ED’S LET­TER

Air Gunner - - Contents - ED­I­TOR

Which is more im­por­tant in the field - tech spec’ or field­craft? Phill Price asks

In the past, I’ve been ac­cused of putting too much em­pha­sis on the tech­ni­cal as­pects of air­gun hunt­ing and not enough on field­craft, and I’ll con­fess to be­ing guilty as charged. Un­der­stand­ing how things work has al­ways fas­ci­nated me, and sub­jects like air­gun bal­lis­tics have kept my lit­tle brain whizzing around and around for decades. My field­craft skills are mostly self-taught, based on ob­ser­va­tion, along­side the suc­cesses and fail­ures of a life­time hunt­ing.

Luck­ily, in Air Gun­ner we have writers who couldn’t care less about sec­tional den­sity and en­ergy trans­fer, pre­fer­ring to learn about the fine art of find­ing and stalk­ing our quarry species. Char­lie Port­lock lives out­doors as much as he can, for­ag­ing and shoot­ing his din­ner, which he’ll cook on his camp fire. His ever-in­creas­ing knowl­edge of the an­i­mals and birds that in­habit our farms and wood­lands is a joy to read about ev­ery month.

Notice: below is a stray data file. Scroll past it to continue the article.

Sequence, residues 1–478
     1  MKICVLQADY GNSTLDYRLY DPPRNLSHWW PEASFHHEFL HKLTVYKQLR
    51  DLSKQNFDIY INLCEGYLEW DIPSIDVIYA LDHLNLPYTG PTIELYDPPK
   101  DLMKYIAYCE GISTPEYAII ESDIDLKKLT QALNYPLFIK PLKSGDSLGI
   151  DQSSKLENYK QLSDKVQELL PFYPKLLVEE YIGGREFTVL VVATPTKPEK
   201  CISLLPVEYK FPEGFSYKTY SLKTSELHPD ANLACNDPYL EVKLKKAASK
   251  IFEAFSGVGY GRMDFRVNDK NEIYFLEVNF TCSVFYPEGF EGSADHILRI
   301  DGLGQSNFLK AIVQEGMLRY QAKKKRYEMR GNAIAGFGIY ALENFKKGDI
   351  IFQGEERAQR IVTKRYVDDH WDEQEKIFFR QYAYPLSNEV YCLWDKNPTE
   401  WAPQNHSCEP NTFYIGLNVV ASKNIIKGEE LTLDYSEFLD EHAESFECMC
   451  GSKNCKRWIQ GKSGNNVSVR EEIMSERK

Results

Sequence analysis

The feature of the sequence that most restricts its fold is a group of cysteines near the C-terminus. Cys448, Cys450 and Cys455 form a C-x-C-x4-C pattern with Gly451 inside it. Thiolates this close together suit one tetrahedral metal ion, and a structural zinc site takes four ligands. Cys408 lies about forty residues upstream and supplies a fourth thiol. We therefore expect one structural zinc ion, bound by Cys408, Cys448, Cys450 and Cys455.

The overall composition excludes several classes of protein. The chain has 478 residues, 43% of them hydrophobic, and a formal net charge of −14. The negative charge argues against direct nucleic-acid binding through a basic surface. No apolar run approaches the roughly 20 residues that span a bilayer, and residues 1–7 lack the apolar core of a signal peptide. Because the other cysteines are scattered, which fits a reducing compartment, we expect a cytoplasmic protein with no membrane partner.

Then we have our new­comer, Russel Webb, who is gain­ing hunt­ing skills and ap­ply­ing the lessons learned ev­ery time he sets foot on the farm. They may be at op­po­site ends of the skill range, but both men love their sport and take the pos­i­tives from ev­ery hunt, no mat­ter the size of the bag.

Air­gun­ning is a sport for ev­ery­body, which­ever part of it turns you on. Some love to com­pete, some like to col­lect, some like to hunt, whilst oth­ers de­light in the sheer joy of an af­ter­noon plink­ing with friends. Which­ever de­scribes you best, I hope you con­tinue to find plea­sure in our sport for many years to come. Ed.

Is field­craft the most im­por­tant air­gun hunt­ing skill?

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